Devil Dogs, Iceman, Captain America and the New Face of American War
By Evan Wright
Putnam, New York, NY, 2004, 354 pp.
Reviewed by Mark Biskeborn
As a journalist for Rolling Stone, Wright asked to join a front-line, first-in unit of the Operation Iraqi Freedom during the initial invasion of 2003. He embedded with the Second Platoon of Bravo Company, commanded by Lt. Nathaniel Fick, a 25-year-old Dartmouth graduate. Fick originally joined the Marines in a fit of enthusiastic patriotism. By the end of the invasion, his views change drastically:
“[The Marines] reminded me of gladiators. They had the mysterious quality that allows some men to strap on greaves and a breastplate and wade into the gore. I respected, admired, and emulated them, but I could never be like them. I could kill when killing was called for, and I got hooked on the rush of combat as much as any man did. But I couldn't make the conscious choice to put myself in that position again and again throughout my professional life.”
Riding with Fick’s platoon, Wright gained the hard earned trust of the Marines and this key opened doors for him to learn firsthand their daily reality in combat.
Unlike the sanitized, homogenized news reports about the war in the mainstream media, Wright’s exposure to the horror of combat leaves him with no romantic ideas. The revisionist accounts that some mainstream journalists have recently repackaged about World War II, such as Tom Brokaw's Greatest Generation, fall short of war’s horror.
Wright strips away whatever fantasies civilians might have about war. In the daily work of combat, no one boasts of glory. No one brags about trumped up claims for a “mission accomplished,” or any great generation. Wright tells us, "the problem with American society is we don't really understand what war is." The view Americans get "is too sanitized."
What's missing here are the voices of so many great writers of the so-called lost generation. Vonnegut, Hemingway, Sartre, and legions of others who wrote about war as a hell, not a playground for rich kids who dance in flight suits for the sake of photo ops.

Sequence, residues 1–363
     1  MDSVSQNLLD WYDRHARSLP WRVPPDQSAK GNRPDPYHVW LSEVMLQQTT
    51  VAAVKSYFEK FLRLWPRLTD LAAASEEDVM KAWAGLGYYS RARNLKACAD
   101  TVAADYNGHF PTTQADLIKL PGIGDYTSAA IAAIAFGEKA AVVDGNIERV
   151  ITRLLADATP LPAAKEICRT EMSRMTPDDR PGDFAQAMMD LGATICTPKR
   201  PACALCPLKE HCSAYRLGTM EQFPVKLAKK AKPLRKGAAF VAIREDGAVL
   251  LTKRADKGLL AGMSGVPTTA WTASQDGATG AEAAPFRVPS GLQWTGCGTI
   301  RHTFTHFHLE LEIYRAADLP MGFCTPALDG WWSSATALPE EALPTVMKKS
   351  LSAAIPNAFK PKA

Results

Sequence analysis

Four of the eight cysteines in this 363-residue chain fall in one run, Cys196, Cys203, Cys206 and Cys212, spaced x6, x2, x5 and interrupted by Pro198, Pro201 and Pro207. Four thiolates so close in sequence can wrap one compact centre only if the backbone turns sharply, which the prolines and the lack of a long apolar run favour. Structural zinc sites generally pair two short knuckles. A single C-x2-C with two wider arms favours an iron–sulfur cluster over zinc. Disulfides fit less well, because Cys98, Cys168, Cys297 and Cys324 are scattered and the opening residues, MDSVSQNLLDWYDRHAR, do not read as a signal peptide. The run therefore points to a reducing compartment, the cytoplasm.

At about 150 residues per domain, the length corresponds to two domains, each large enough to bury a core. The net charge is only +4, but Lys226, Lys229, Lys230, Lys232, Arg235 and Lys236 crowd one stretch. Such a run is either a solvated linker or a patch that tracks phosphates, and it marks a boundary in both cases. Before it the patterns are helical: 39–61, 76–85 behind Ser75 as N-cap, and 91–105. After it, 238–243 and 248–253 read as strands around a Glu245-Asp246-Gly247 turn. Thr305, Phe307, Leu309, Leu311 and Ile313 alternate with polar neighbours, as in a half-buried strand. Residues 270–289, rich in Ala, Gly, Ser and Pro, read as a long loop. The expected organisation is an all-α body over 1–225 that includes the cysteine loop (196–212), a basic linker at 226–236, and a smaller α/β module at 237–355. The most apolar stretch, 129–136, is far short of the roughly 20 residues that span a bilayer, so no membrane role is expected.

Wright rode with a team of four Recon Marines in a Humvee, led by Srgt. Brad Colbert, 28, 'the Iceman.'
Like Army Rangers, these Recon units train to a level one step away from the elite Special Forces. Ahead of the main invasion force, they pushed behind enemy lines as the first in and served as "ambush bait" to draw out Iraqi forces. For this, other Marine platoons nicknamed them: "First Suicide Battalion" - a group of soldiers who blitzkrieged their way north during the first phase of the invasion.
Wright lived with these Marines and puts his reader in combat boots with them. He experienced every danger when the bullets, RPG’s, and mortars flew. However, he wasn’t a Marine, didn’t carry a gun, and didn’t have to kill.
Killing takes a central theme in the book, how the Marines deal with this ultimate taboo. Wright walks us through many scenes of cold-blooded killing. Even the toughest Marines have to deal with it; some shrug it off, some bury it or rationalize around it. But the feelings and doubts rise to the surface when it involves unarmed civilians—unfortunately, an all too common occurrence. Recent studies have found that as many as 600,000 civilians have died in the on-going occupation of Iraq, (NY Times, 10 Oct. 2007)